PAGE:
HimaNatsu has a particular, ineffable beauty to its aesthetics and mood.
I wrote this review initially in 2014 — actually exactly 6 years ago from this posting (wild, I know). I’ve decided to repost this review with some major revisions because I believe that the work deserves more exposure. Mild structural and thematic spoilers inbound.HimaNatsu is best described as a tale of time — with time, pain ceases, and happiness, finds the opportunity to take the position of a regrettably familiar emptiness. With time, just as happiness has the potential to form — sorrow and regret subsequently have time to fester, snowball, and to ultimately corrupt. HimaNatsu attempts to delineate the notion of family, and its associated sentiments; then, it tries to amplify that through each and every route. HimaNatsu, despite its ‘magical’ undertones, does a fantastic job in keeping it grounded to human nature. You won’t find much malice in this series. But you won’t find a lack of serious conflict either.
HimaNatsu is broken up into four discrete routes, with the third, leading to the ‘true’ route. The routes are dynamic, and often differ in nature from the other (perhaps a result of the work having so many different authors). All of the routes are meaningful, as they either directly or indirectly go on to develop the mood or themes of HimaNatsu; a few of the routes suffer from lackluster writing, making them feel individually inconsequential (i.e. only as devices to advance the works’ themes + mood). The stand-out routes are predictably Yomi’s route, written by SCA-JI, and Hina’s route, written by Konno Asta. Yomi’s route isn’t the true route, but arguably, the most important route in the game (as her character serves as the linchpin holding the events of the work together – her route is both thematically and emotionally satisfying); Hina’s route, being the true route, is a culmination of the work’s themes – it by far feels the most “complete.” The other routes, Ruca’s and Daiya’s, were both meaningful in relation to the work as a whole; individually, Ruca’s was solid, whereas Daiya’s was a bit of a meme.
One of the major flaws of HimaNatsu is its inability to develop a fleshed-out, meaningful group dynamic by directly developing it through group interactions (that warm, authentic feeling that you’d get from people of close propinquity). Ordinarily, an author would develop this through the common route or through varied slice-of-life scenes. The common route felt “lacking” in this regard – which is a shame, since the premise is that the protagonist and the heroines, who were childhood friends, seek to revitalize their secret base (a cliche — but really, who actually dislikes this cliche). Where the common route could have capitalized on the group dynamics, it was laden with inconsequential, comedic slice of life that didn’t have much meaning. Nonetheless, this flaw didn’t prove fatal to the work, as by the end of the work, it does develop a convincing, close-knit group dynamic. It does this by: 1) providing monologue/commentary on how much the characters care for each other within the routes; 2) developing the individual heroines primarily within their routes (and not outside of them); and 3) utilizing the passage of time element to making it feel more convincing. On this note, the group dynamic felt more reasoned or learned than felt; nonetheless by the end of the work, the characters genuinely felt like an extended family to one another.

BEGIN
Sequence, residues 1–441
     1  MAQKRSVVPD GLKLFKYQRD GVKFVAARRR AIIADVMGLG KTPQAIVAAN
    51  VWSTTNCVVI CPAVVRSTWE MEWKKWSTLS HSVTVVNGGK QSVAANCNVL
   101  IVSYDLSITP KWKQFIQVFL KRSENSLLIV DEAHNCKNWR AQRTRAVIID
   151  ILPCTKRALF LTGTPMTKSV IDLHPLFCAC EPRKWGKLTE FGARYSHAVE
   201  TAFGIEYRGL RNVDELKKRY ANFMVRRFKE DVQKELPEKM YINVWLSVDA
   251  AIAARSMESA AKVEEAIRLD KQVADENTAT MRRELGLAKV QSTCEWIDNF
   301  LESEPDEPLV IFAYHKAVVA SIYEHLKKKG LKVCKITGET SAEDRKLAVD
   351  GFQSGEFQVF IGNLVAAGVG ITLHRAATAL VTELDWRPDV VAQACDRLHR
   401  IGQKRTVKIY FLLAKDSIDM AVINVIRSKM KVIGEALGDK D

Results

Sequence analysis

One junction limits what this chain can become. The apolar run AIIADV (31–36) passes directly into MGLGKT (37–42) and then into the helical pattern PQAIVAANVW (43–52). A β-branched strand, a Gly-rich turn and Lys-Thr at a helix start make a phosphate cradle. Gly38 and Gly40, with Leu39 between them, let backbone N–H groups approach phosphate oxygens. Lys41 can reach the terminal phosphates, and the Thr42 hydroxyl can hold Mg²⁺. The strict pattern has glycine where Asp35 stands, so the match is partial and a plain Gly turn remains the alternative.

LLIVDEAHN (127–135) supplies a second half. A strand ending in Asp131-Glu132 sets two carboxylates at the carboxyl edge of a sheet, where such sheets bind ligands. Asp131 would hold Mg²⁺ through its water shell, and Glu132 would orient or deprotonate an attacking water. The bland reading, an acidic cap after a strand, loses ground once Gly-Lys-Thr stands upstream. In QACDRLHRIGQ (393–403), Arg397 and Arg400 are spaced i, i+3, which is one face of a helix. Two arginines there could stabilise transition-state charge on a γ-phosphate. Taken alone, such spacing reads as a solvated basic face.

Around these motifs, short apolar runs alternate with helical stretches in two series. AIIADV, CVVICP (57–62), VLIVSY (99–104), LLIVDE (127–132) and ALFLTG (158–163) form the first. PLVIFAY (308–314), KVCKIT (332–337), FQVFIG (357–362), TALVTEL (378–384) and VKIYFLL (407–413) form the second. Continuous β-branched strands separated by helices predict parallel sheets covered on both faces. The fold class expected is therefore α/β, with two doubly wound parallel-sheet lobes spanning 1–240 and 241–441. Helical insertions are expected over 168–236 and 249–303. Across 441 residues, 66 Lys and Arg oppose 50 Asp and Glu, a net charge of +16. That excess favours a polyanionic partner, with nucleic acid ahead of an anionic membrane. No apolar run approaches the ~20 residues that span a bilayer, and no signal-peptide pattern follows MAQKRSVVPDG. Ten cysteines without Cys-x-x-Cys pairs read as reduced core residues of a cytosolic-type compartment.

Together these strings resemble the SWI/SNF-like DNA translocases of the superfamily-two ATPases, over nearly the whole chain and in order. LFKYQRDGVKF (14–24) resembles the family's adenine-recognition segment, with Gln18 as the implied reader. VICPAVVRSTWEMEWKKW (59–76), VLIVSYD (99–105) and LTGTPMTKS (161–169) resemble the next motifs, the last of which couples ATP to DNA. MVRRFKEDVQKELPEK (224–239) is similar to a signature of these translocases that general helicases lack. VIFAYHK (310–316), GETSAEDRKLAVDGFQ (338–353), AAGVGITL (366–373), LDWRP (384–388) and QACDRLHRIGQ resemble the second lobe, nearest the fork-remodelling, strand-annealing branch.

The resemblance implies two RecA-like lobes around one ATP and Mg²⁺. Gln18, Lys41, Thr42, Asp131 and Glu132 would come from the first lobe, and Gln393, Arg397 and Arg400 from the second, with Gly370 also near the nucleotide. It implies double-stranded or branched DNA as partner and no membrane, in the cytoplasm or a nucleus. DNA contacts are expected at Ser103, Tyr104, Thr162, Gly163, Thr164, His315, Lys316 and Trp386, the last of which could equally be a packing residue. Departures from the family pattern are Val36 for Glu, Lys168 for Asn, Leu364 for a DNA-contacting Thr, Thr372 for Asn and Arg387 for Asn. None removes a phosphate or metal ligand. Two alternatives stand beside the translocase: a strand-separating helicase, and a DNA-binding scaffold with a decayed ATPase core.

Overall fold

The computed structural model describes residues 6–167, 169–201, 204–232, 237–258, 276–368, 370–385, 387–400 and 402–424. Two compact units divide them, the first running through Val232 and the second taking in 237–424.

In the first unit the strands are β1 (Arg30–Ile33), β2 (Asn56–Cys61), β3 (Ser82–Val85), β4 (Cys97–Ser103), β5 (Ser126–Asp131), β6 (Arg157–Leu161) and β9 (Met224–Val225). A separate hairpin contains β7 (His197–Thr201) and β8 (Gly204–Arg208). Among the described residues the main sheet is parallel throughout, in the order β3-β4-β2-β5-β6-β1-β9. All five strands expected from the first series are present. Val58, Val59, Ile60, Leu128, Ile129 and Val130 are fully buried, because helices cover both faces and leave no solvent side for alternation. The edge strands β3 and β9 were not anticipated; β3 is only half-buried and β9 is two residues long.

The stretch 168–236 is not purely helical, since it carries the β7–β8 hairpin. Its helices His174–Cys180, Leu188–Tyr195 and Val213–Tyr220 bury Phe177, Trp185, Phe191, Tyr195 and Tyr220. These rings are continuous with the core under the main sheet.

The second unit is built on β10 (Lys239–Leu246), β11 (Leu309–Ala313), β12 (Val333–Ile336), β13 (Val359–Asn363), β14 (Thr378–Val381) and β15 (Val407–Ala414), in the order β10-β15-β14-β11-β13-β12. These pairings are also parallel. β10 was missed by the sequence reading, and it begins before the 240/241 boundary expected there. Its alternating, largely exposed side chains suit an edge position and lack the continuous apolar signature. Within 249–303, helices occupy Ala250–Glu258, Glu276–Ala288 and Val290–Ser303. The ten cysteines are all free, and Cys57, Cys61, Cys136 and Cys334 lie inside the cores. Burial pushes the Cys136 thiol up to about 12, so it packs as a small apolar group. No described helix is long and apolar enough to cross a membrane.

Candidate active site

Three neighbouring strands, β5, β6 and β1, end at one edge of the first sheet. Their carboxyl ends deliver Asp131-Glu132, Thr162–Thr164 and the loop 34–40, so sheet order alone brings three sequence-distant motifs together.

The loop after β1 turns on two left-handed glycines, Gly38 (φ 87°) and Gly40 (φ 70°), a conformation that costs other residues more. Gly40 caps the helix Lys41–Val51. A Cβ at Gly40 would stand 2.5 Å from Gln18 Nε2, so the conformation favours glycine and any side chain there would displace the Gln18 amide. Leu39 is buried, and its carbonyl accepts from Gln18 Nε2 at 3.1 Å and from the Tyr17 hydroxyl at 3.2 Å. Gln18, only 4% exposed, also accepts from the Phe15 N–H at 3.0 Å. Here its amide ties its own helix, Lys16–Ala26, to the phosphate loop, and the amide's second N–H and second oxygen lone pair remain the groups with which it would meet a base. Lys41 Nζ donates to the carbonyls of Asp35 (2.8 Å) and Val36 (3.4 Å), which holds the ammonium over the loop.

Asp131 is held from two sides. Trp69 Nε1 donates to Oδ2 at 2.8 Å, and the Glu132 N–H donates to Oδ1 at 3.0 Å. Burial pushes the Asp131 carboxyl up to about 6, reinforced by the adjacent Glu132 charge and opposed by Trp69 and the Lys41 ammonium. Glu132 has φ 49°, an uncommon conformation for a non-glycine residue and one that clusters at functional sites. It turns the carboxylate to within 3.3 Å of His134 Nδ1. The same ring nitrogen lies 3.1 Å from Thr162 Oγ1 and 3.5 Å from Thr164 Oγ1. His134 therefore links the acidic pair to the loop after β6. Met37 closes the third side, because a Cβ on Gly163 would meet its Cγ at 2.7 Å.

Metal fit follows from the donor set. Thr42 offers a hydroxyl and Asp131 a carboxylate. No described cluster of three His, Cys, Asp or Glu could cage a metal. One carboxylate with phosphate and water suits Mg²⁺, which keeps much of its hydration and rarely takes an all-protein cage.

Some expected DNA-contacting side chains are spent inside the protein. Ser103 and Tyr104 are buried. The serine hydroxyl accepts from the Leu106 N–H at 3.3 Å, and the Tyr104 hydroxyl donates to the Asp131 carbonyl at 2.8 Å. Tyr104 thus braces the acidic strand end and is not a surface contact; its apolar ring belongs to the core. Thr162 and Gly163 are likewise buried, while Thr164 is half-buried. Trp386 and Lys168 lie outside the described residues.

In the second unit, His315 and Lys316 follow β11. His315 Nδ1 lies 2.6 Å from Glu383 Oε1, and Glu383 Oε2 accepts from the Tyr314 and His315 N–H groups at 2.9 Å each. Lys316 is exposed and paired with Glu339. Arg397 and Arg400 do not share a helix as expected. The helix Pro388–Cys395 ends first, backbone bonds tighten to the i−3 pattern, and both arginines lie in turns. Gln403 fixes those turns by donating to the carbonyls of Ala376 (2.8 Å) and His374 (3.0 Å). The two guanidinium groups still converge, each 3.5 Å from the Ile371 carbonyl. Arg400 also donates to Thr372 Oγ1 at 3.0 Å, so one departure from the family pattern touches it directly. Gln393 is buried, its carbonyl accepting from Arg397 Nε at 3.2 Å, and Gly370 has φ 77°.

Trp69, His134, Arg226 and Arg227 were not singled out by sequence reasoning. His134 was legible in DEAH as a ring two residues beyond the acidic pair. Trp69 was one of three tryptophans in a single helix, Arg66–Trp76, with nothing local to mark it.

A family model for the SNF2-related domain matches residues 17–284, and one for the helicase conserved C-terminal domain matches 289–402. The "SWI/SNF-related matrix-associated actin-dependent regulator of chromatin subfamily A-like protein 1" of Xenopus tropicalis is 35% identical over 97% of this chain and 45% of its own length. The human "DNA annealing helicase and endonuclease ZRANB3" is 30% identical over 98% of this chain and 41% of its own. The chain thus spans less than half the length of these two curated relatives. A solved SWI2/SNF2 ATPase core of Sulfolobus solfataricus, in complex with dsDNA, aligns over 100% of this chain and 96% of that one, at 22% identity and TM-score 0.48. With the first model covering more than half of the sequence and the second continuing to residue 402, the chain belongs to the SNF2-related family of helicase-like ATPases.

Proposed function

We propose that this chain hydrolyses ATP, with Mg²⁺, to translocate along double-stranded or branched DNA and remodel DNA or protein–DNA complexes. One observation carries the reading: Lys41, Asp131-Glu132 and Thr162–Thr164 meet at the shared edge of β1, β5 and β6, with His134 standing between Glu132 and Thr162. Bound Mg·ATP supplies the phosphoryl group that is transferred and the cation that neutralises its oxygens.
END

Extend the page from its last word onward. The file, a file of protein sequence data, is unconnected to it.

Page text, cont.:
If the plot to HimaNatsu doesn’t appeal to the reader, then I can’t imagine that the aesthetics of the work won’t. The art style, as shown, is in typical Makura fashion — e.g. SubaHibi/SakuUta. The CGs within the work span the spectrum from being amazing to not so great. Goes without saying that the soundtrack to HimaNatsu is godly – it wouldn’t be controversial to say that it’s Matsumoto Fuminori’s best work (composer for SubaHibi/SakuUta). Listening to the soundtrack from first track to last tells a story of its own, and is probably the only exposure that a good chunk of people have.
When it comes down to it, HimaNatsu is a storyline based novel centered on drama and maturity. Contrary to most plot-based drama, you won’t have a grand, epic stage. It’s simply a satisfying, extremely consistent, and solid tale centered in the countryside. The novel never really has a point of taking off. It’s very consistent, you begin to like the work more and more, not as a result of some big event, but because you reach the point of ‘feeling’ like you understand the characters, of being a member of the town alongside them. At the end of the novel, you get a warm feeling — of course, while it may not be the hottest feeling, it’s warm, and warmness, in itself, is admirable. I don’t quite recall the last time that I finished a series with a massive smile on my face. A smile not as a result of humor, but perhaps, of joy, and heartfelt content.
Six years after reading HimaNatsu, I look back on it pretty fondly. I remember vividly that when I read it, it felt like a drag at times; the slice of life seemed oppressive, and the length, daunting & grating. But, if I were to reflect on the past now, I can’t say that I really remember the “bad” anymore. Almost as if aligned with the themes of the work itself, the “bad” has lost its way to time, and I’ve only retained the positive, bright memories of the work. As if HimaNatsu were a flawed gem, time has perfected it in a way.